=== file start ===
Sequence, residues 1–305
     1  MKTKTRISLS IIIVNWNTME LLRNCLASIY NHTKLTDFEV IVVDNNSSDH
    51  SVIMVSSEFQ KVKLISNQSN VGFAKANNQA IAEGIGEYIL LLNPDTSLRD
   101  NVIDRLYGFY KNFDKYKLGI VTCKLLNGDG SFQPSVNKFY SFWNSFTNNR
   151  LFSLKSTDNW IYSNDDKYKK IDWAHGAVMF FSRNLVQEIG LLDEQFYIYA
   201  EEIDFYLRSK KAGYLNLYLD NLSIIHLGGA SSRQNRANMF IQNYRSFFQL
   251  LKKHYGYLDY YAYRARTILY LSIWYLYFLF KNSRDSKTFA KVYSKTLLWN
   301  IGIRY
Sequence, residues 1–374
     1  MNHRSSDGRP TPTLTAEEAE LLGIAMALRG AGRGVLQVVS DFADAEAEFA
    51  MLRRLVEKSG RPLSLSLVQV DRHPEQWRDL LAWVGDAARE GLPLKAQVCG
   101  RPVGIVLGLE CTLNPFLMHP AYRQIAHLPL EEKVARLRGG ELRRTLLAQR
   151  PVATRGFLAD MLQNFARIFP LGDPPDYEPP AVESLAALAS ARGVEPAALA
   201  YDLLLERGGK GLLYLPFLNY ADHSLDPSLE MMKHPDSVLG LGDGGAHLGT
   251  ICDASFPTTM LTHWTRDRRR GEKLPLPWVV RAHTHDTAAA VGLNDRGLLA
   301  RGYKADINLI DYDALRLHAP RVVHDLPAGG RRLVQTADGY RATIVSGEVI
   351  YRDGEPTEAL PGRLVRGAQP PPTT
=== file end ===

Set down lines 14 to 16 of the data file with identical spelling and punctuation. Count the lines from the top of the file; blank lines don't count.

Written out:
   201  YDLLLERGGK GLLYLPFLNY ADHSLDPSLE MMKHPDSVLG LGDGGAHLGT
   251  ICDASFPTTM LTHWTRDRRR GEKLPLPWVV RAHTHDTAAA VGLNDRGLLA
   301  RGYKADINLI DYDALRLHAP RVVHDLPAGG RRLVQTADGY RATIVSGEVI